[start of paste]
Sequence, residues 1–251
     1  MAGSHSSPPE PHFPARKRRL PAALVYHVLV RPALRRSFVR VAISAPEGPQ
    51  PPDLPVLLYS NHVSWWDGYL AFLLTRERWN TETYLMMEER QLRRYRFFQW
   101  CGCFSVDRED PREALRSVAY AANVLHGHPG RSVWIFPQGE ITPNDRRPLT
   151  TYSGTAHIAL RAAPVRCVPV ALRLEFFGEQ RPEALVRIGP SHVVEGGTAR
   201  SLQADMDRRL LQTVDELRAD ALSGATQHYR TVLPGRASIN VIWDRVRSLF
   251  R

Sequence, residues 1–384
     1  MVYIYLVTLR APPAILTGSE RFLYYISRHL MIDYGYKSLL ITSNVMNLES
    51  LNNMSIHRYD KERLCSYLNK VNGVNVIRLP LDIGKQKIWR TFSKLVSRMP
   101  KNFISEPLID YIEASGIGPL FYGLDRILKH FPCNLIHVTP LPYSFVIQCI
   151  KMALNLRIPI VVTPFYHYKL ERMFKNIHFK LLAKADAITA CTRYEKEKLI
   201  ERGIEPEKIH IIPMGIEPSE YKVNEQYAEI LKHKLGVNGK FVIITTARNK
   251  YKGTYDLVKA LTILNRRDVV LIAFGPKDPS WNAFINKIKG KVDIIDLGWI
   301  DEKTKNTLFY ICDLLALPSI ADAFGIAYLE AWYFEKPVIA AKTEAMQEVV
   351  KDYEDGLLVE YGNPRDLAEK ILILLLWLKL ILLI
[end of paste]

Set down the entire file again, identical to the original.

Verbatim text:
Sequence, residues 1–251
     1  MAGSHSSPPE PHFPARKRRL PAALVYHVLV RPALRRSFVR VAISAPEGPQ
    51  PPDLPVLLYS NHVSWWDGYL AFLLTRERWN TETYLMMEER QLRRYRFFQW
   101  CGCFSVDRED PREALRSVAY AANVLHGHPG RSVWIFPQGE ITPNDRRPLT
   151  TYSGTAHIAL RAAPVRCVPV ALRLEFFGEQ RPEALVRIGP SHVVEGGTAR
   201  SLQADMDRRL LQTVDELRAD ALSGATQHYR TVLPGRASIN VIWDRVRSLF
   251  R

Sequence, residues 1–384
     1  MVYIYLVTLR APPAILTGSE RFLYYISRHL MIDYGYKSLL ITSNVMNLES
    51  LNNMSIHRYD KERLCSYLNK VNGVNVIRLP LDIGKQKIWR TFSKLVSRMP
   101  KNFISEPLID YIEASGIGPL FYGLDRILKH FPCNLIHVTP LPYSFVIQCI
   151  KMALNLRIPI VVTPFYHYKL ERMFKNIHFK LLAKADAITA CTRYEKEKLI
   201  ERGIEPEKIH IIPMGIEPSE YKVNEQYAEI LKHKLGVNGK FVIITTARNK
   251  YKGTYDLVKA LTILNRRDVV LIAFGPKDPS WNAFINKIKG KVDIIDLGWI
   301  DEKTKNTLFY ICDLLALPSI ADAFGIAYLE AWYFEKPVIA AKTEAMQEVV
   351  KDYEDGLLVE YGNPRDLAEK ILILLLWLKL ILLI